This fall, we will be launching an ambitious science journalism initiative to communicate the potential impacts of sea level rise for communities along the entire US coastline. Organizations that have broadcast, published, or otherwise used our content include PBS, The Weather Channel,The New York Times, NPR, The Washington Post, MSNBC, TIME.com, Scientific American, Parade, and National Geographic.
Generally, our content fits into four categories:
These stories can range from 300 word news briefs to 2,500 word, in-depth feature articles. They are designed to keep readers informed about important developments in the world of credit, but more importantly, we emphasize how these developments may practically impact the lives of ordinary citizens.
Credit.com experts answer specific questions or address particular problems in order to provide tangible, actionable help to people trying to successfully apply for or use credit, or interact with a financial institution.
3. Product Reviews
Credit.com experts provide independent, informed reviews of credit and credit related products. We read the fine print.
Credit.com experts provide expert analysis of topical issues relating to the world of credit and at times more broadly personal finance. These may be explanatory pieces that offer perspective and predictions relating to an important issue, or more hard hitting opinion-driven editorials.
About our Reporters and Experts
Gerri Detweiler: Personal Finance Expert. Gerri focuses on debt management issues. She has 24 years of experience as a credit educator and consumers advocate, and has authored or co-authored five books, and testified before Congress.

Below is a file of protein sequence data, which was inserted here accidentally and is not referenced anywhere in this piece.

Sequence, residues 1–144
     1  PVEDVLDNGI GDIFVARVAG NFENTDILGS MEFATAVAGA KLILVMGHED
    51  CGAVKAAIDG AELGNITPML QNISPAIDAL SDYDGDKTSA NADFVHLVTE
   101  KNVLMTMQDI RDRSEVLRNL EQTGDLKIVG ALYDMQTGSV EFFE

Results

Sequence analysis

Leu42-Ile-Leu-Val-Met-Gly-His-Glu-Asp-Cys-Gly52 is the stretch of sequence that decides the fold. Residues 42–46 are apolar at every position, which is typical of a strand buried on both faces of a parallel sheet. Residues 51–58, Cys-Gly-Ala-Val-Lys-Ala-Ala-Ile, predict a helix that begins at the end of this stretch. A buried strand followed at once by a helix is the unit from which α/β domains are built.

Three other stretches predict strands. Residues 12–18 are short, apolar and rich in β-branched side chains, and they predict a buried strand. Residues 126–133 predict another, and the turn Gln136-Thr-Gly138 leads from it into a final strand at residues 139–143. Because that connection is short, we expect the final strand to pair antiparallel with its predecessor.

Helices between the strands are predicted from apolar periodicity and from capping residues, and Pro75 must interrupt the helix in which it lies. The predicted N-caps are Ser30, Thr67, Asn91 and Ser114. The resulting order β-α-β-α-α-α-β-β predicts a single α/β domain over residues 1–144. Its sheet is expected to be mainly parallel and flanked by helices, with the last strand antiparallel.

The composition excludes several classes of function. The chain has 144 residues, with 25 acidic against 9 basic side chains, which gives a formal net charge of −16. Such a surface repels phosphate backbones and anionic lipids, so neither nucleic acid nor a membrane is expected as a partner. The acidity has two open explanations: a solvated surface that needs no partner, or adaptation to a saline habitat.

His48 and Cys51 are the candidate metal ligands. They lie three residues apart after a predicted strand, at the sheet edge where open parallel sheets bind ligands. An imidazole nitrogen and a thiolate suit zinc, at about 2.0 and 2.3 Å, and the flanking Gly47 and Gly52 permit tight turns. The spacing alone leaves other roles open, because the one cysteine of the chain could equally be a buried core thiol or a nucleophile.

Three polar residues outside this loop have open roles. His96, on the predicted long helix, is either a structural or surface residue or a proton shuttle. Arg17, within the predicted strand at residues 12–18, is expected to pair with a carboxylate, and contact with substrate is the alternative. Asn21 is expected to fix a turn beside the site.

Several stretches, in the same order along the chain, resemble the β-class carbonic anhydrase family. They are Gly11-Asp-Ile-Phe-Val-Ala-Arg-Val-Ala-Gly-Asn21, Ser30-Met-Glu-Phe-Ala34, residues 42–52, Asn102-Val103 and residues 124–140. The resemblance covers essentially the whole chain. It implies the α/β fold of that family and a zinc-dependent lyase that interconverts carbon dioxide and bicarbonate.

Beverly Harzog: Credit Card Expert. Beverly focuses on credit card issues and provides insight about current news that affects the credit card industry and consumers. She’s a nationally recognized expert on credit card issues and is the co-author of The Complete Idiot’s Guide to Person-to-Person Lending.
Adam Levin: Credit and Identity Expert and Chairman/Co-founder of Credit.com and Identity Theft 911. Adam’s experience as former director of the New Jersey Division of Consumer Affairs gives him unique insight into consumer privacy, legislation and financial advocacy. He is a nationally recognized expert on identity theft and credit.
Chris Maag: Reporter. Chris graduated with honors from the Columbia University Graduate School of Journalism, and has reported for a number of publications including The New York Times, TIME magazine and Popular Mechanics. Chris reports on the latest credit news, and often focuses on the regulation of financial institutions and the use of personal information in the context of financial transactions and elsewhere.